The decision to quit smoking is not an easy one. Relying on willpower alone is usually not enough.
Incorporating several different strategies is thought to be the key to success. The NHS provides lots of information and advice to help you give up smoking (see yesterday's blog on acupuncture).
Herbal remedies are an aid that is often overlooked but can easily and effectively be incorporated into your plan. Today we discuss some herbs that can be used to both help you quit and also prevent cravings.
Californian Poppy (Eschscholzia californica)
Uncomfortable feelings such as anxiety, restlessness and frustration are common during the first few weeks after quitting smoking. Californian poppy, the official state flower of California, may help smokers break their habit and support their weary nervous system. Californian poppy is known to promote relaxation and create a sense of calmness during nicotine withdrawal.
St John's Wort (Hypericum perforatum)
St. John’s Wort is best known for having antidepressant properties. Traditionally this herb was used as a nerve tonic and can therefore be useful to help with the low moods and increased sensitivity to the adverse effects of stress, which often accompany nicotine withdrawal.
Research has shown that St. John’s Wort may reduce the urge to smoke and moderate withdrawal symptoms. However, it is important to seek professional advice before using St. John’s Wort, since it can interfere with some prescription medications and over-the-counter products.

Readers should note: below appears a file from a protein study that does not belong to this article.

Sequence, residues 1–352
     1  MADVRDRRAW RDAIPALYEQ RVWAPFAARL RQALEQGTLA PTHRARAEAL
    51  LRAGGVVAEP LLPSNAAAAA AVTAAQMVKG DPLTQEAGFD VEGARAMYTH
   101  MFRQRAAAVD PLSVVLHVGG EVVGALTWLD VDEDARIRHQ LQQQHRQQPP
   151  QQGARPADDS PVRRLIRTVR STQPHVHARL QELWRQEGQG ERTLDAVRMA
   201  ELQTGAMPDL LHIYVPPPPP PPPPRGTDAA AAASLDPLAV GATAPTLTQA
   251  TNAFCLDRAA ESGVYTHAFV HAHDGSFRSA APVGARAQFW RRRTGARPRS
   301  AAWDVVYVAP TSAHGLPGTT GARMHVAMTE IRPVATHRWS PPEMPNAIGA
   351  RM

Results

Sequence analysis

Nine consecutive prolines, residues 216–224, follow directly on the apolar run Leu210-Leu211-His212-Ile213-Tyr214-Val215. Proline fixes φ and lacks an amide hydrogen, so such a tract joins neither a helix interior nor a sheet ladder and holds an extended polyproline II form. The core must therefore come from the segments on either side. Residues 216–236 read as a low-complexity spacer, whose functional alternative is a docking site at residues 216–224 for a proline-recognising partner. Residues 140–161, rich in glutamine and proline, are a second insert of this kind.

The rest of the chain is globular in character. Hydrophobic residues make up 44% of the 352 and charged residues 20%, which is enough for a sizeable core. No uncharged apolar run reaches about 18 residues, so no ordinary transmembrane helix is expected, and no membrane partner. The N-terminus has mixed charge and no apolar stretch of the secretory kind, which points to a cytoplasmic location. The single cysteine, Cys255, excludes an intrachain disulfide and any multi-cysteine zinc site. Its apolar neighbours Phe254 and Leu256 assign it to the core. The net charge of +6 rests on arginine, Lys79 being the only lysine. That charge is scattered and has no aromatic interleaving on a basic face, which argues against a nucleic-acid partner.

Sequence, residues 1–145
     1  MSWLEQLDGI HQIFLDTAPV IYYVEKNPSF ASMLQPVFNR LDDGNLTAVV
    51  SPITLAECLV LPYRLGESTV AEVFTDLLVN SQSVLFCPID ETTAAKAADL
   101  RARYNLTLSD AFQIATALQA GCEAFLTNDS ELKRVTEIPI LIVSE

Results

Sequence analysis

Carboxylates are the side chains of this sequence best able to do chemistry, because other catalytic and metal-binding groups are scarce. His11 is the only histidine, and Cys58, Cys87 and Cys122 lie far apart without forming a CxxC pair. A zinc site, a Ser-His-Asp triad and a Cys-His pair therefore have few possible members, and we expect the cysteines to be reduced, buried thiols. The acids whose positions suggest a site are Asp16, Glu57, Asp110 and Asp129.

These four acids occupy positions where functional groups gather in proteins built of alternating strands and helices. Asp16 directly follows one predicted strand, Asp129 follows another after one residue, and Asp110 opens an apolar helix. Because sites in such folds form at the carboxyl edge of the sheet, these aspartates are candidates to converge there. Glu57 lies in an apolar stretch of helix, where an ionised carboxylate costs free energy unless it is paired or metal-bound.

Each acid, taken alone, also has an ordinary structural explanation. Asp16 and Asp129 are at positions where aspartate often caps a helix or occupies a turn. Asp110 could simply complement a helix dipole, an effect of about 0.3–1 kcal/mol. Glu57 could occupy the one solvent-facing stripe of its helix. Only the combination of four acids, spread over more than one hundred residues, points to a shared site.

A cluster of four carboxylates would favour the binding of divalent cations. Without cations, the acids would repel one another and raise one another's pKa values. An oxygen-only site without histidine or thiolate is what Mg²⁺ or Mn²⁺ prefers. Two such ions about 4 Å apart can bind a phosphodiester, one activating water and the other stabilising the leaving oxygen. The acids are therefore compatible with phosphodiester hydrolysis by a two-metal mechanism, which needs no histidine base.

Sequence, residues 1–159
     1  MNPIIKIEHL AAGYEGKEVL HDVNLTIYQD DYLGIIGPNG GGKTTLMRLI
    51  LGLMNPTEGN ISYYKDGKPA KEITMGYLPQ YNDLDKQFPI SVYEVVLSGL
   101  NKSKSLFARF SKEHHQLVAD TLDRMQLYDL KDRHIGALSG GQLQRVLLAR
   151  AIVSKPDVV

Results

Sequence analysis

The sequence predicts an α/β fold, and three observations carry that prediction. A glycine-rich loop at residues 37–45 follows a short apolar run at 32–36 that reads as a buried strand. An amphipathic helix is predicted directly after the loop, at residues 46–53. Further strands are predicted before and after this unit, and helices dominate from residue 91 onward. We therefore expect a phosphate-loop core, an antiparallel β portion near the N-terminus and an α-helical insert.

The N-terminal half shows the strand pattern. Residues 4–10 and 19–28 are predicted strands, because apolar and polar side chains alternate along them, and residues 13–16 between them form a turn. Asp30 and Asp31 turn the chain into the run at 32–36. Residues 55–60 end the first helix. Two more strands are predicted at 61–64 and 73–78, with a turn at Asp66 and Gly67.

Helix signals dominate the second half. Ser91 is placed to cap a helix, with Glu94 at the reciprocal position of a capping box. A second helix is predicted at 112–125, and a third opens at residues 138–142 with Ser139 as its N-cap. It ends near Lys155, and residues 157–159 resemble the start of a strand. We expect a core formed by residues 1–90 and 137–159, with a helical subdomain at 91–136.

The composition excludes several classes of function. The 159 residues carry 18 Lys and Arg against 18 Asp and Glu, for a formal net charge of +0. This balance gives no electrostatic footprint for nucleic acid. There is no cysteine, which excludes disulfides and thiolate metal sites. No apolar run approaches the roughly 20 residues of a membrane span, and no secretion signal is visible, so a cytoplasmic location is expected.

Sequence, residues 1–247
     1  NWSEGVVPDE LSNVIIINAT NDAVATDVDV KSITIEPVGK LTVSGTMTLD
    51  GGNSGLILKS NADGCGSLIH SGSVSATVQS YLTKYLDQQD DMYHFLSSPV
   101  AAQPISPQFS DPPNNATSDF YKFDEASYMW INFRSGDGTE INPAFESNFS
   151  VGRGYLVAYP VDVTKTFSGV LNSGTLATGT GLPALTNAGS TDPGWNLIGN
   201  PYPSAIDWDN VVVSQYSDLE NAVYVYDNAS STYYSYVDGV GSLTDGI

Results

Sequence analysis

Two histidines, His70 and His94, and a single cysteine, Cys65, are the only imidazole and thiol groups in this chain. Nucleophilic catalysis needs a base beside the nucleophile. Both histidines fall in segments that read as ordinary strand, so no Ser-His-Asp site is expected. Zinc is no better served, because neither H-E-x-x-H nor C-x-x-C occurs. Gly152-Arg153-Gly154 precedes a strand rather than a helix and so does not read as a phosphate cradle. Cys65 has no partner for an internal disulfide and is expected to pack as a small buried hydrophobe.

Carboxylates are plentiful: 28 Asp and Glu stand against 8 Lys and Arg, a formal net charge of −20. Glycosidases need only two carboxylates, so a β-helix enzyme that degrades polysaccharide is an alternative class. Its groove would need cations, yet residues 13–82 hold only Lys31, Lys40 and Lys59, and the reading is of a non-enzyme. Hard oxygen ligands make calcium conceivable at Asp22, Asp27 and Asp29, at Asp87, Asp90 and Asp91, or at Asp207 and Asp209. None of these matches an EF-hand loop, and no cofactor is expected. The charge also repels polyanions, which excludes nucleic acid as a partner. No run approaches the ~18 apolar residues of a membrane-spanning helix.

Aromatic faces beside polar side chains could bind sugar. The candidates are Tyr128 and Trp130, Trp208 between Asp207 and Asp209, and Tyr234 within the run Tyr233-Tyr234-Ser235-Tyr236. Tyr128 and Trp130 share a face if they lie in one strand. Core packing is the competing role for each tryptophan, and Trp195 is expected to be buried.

Oats (Avena sativa) and Skullcap (Scutellaria lateriflora)
Two other herbs that may be useful in breaking addictions are Oats and Skullcap. Scientific research and clinical experience have shown that these two herbs can support the nervous system and help the body cope with nicotine cravings.
Skullcap is highly valued by western herbalists for the treatment of anxiety, tension and stress, while oats have a “nourishing quality” which is greatly needed and appreciated during smoking cessation.
Lobelia (lobelia inflata)
Lobelia, also known as Indian tobacco, is another herb that could be used as part of a “quit-smoking plan”. While it is traditionally helpful in respiratory conditions such as asthma, bronchitis and cough, the active constituent (lobeline) is thought to produce effects similar to nicotine on the central nervous system without being addictive.
However, it must be noted that lobelia is a restricted herb and misuse can cause side effects such as nausea, vomiting and convulsions. It should therefore be
used only under the supervision of a medical herbalist.
Check here again tomorrow to see how diet can affect your efforts to quit. Maybe you are struggling because you are deficient in some amino acids?
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